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News |WorldWar I Wartime life


told in leers LETTERS from the front feature in an exhibition of WWI memorabilia on display at the Kent History and Library Centre in Maidstone, to mark the centenary of WWI. In TheirOwnWords: KentVoices


of the First World War is a major new exhibition produced by Kent County Council. The exhibition reflects wartime experiences of men and women of Kent using photographs, letters, postcards,war records and spoken histories. Mike Hill, KCC cabinet member


for community services, said: “This exhibition is a wonderful opportu- nity for people to find out the real impact of this cataclysmic conflict on people in Kent.” Among the exhibits are:


 The story of the Orchard family – only one of four brothers returned from the Front;


Air Raids – first-hand accounts of air raids; evacuation orders; and newspaper articles;  Hardships – letters to the Kent War Relief Fund by women whose husbandswere called up. The exhibition runs to the end of October. For more information about events to commemorate the war, visitwww.kent.gov.uk/WW1


downsmail.co.uk


Appeal to family of gardener lost in action


THE Royal Botanic Garden Edinburgh is appealing for information about a Maidstone rose specialist whoworked with its team before going towar.


The RBGE, which this month opened a wild poppy memorial meadow to mark the centenary of the start of the war, wants to know more about its 73 gardeners who went off towar. Walter Henry Morland, from Maidstone, was one of 20 killed in action. Little is known about Private Morland’s life, other than that he was born in Maidstone on February 15, 1881, and joined the RBGE in 1910, after training at Kew. While at Kew, he joined its guild – a social and support club for garden staff – and created the RGBE’s own guild in 1913. As its first secretary, the guild’s activities were temporarily sus- pended when Morland signed up to the 5th Royal Scots on September 14, but he agreed to write for the Kew Guild journal. It reported: “We had a clear letter from him a day or two previously,


Maidstone Services we offer:


• A vibrant Day Care Service in seven locations throughout the Borough in partnership with Golding Homes and the PCT


• If required, transport can be provided to the Day Care facilities on our fleet of mini-buses


• Community Foot Care Services in the home or at our nearest clinic.


• Community Bathing Service in the home for Maidstone & Malling


• Independent Living Support for those that need help with their housework, garden or shopping


• Volunteering opportunities • Advocacy Service for Maidstone & Malling • Disability Travel Vouchers on behalf of Maidstone Borough Council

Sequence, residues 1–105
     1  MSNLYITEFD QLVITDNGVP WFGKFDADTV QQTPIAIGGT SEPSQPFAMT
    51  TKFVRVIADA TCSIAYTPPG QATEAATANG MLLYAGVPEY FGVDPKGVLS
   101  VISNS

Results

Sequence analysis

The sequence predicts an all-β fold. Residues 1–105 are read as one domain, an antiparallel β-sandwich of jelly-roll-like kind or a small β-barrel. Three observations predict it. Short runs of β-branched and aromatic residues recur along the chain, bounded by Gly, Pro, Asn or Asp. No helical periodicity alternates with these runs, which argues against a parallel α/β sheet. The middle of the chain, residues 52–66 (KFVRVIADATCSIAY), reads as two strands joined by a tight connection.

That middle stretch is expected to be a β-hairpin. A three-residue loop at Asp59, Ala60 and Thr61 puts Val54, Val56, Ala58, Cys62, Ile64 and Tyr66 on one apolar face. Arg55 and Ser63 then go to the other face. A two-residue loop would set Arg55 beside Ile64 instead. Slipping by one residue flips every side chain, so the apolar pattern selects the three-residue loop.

• Computer Classes for the over 60’s • A list of local traders that have been recommended to us by older people


• Wheelchair Hire from our office in the town centre • The Goodman Centre for clients with Dementia • Information & advice for over 50’s in our office in Mill Street.


For more information on all our services, please feel free to contact us at: 7, Mill Street, Maidstone, Kent. ME15 6XW Between the hours of 10am-4pm Monday – Thursday, 10am-2pm Friday Or telephone us on 01622 753618 Or email: info@ageukmaidstone.org.uk Or visit our website: www.ageuk/maidstone.org.uk


12 Maidstone South August 2014


found his body.” Private Morland was 34. His


legacy – the RGBE Guild – cele- brated its 100th birthday last year. RBGE archivist Leonie Paterson


full of hope, and a promise to write his experiences for the journal. But alas, in less than two months our comrade had fallen. “He got safely through the terri-


ble landing on April 25, but did not return from a desperate assault on awood below Krithia on May 7. “For threeweeks no traces of him


could be found, and it was sup- posed he had been taken prisoner; then his chums, during an advance,


hopes Mr Morland’s family still live in Maidstone and will have more details about his life. She said: “Our library holds the 1921 War Service Roll to ‘preserve for all time the story of the loyalty of our garden staff’and there is a memorial in the grounds. However, at the outbreak of the Great War, the garden had 110 staff. Of the 88 male employees, 73 joined the forces and 20 lost their lives in action. “We are using the anniversary to appeal for information to get a deeper understanding of the gar- den’s own FirstWorldWar story.” The RBGE’sWar Service Roll can


be viewed atwww.rbge.org.uk and anyone with information about the gardeners can send contributions to commemorate@rbge.org.uk.


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